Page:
There’s no denying that the New Balance 550 is one of the most popular silhouettes on the market right now. Designed in 1989 by Steven Smith, the sneaker was made as a modification of the NB740—James Worthy’s signature sneaker—to appease the needs of high school, college and select Boston Celtics players.
Smith, whose résumé includes the Reebok InstaPump Fury, NB997, Nike Zoom Spiridon 2 and select Yeezy models, created the low-top counterpart, which featured pivot circles on the outsole, tip saddle foxing and a forefoot sway bar where numeric branding was positioned.
“I got that idea from automotive design language,” Smith said to Sneaker Freaker. “It helped athletes keep their feet when they were running, cutting and changing direction rapidly.”
Originally known as the 550 Basketball Oxford, the sneaker was priced at $45. After a small US run, the shoe was exported to UK and Asian markets before it was ultimately shelved. Three decades later the sneaker returned, thanks in part to Teddy Santis, founder and creative director of the New York-based brand Aimé Leon Dore. He sought to revive the model after browsing a Japanese catalog. Santis and New Balance tracked down an original pair from an overseas collector and immediately went to work.
“We found a scan in our archives of the old tech pack Steven Smith drew by hand,” Paul Kaseumsouk, a product line manager at New Balance, told Sneaker Freaker. “Nailing down the shape, the tooling, every single stitch line down to the millimeter—we obsessed over it. It took us 10 rounds of samples and 18 months of trial and error to get it to where we wanted to be.”
Santis’ ALD and the Boston-based brand had already formed a partnership, releasing a myriad of collaborations—997s, 990v2s, 990v5s, 827s and 1300s. For the 550’s return, ALD released four colorways as part of their “International Friendship Through Basketball” collection, with slight updates to the 31-year-old sneaker. The white leather was replaced with eggshell tones and the midsoles featured an aged aesthetic.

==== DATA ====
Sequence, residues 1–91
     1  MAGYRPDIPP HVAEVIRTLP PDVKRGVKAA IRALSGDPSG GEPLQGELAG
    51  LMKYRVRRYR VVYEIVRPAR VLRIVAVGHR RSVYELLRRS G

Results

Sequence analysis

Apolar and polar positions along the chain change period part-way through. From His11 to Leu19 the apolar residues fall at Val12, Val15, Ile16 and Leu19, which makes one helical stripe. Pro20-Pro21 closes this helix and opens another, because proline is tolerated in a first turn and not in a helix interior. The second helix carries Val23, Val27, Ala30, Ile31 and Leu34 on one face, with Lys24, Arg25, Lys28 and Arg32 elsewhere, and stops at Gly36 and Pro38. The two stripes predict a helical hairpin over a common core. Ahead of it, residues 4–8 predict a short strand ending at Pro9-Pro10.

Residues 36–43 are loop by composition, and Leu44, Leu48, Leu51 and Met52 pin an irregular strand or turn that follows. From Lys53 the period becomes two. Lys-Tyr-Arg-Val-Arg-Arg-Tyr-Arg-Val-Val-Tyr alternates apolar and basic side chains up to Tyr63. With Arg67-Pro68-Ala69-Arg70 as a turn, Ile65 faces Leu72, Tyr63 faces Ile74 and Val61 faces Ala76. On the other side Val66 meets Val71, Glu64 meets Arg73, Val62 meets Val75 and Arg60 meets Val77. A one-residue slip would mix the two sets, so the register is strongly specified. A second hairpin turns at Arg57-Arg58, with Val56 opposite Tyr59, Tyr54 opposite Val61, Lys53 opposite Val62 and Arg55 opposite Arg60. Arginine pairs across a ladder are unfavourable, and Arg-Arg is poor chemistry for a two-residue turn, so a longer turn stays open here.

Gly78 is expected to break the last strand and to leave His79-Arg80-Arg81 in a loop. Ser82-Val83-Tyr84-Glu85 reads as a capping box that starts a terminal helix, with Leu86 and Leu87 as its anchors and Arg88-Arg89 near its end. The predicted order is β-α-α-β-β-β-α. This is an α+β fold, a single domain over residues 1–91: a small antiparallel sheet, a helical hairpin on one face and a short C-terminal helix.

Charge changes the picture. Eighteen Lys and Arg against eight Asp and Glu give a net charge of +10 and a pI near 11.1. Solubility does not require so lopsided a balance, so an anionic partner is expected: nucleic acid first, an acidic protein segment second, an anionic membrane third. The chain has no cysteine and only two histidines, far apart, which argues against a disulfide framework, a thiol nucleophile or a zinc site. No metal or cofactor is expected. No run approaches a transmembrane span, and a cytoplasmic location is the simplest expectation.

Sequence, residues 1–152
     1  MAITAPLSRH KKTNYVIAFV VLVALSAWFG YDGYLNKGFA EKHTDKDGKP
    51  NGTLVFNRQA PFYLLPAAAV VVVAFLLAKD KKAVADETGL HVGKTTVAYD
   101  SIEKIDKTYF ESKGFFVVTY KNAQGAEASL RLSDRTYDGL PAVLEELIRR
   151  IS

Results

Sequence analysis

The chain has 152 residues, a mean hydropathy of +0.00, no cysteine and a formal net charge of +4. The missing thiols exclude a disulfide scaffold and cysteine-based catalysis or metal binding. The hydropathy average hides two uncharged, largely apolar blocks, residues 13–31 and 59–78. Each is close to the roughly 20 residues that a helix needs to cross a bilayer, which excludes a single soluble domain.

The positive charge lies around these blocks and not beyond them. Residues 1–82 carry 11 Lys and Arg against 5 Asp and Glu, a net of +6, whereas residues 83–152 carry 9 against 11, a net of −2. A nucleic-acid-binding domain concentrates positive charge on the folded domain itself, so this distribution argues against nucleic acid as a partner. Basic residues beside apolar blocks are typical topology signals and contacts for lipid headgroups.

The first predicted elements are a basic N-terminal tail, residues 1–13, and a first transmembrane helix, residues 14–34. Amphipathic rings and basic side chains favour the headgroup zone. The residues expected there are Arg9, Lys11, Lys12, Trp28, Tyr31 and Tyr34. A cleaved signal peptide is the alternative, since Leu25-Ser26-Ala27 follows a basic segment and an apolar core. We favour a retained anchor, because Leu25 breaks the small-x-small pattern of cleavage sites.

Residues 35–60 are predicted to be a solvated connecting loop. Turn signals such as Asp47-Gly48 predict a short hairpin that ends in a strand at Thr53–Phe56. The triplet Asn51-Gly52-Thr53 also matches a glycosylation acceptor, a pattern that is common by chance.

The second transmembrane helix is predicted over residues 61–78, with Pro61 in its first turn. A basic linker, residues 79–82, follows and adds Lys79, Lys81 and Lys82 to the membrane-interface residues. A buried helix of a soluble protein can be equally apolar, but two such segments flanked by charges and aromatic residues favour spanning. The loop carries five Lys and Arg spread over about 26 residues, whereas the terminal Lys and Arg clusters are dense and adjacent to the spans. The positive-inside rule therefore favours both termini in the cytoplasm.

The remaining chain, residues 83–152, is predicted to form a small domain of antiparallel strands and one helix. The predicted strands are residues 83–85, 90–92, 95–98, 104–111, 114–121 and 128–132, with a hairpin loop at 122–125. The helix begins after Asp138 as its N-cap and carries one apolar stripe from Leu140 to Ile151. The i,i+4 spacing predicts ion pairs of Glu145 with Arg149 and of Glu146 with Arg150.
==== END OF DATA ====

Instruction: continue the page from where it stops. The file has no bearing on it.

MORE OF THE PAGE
Aside from ALD, other cultural figures have been able to put their touches on the 550, and a slew of inline colorways have been released over the last two years. As part of his “Conversations Among Us” initiative, Chicago creative Joseph Robinson, aka Joe Freshgoods, released his iteration of the late ’80s basketball sneaker—a cream canvas upper with hairy suede overlays and an aged yellow midsole—last April.
Klutch founder Rich Paul also has his own set of 550s. Two years after becoming the first sports agent to have a sneaker collaboration, Paul and New Balance released a pair with an off-white perforated leather upper, navy detailing and yellowed New Balance logos. His name was featured on the woven labels and insoles to customize the design in a way similar to most player-edition sneakers.
Paul’s sophomore collab, which released back in July, features a premium lavender suede upper with purple accents. His name makes another appearance on the tongue tag, with contrasting white shoelaces, a white midsole and a lavender-colored outsole to finish off the look.
“The 550s for me have always been about that nostalgic feel,” Paul told Esquire last month. “I had this feeling about the 550, and for the first [collab], I thought the 550 silhouette wasn’t new, but it wasn’t really known or understood. Now I feel like more of the masses are aligned with the 550, so I wanted to bring it back one more time. The next one will be a different silhouette.”
Nearly three years since the return of a once forgotten model, Kaseumsouk admits he didn’t know the impact the shoe would have on today’s sneaker culture.
“We knew we had something special with the 550 and that ALD was going to tell that story perfectly,” he told Sneaker Freaker. “But we didn’t know just how big it was going to be.”
Photo via Getty Images.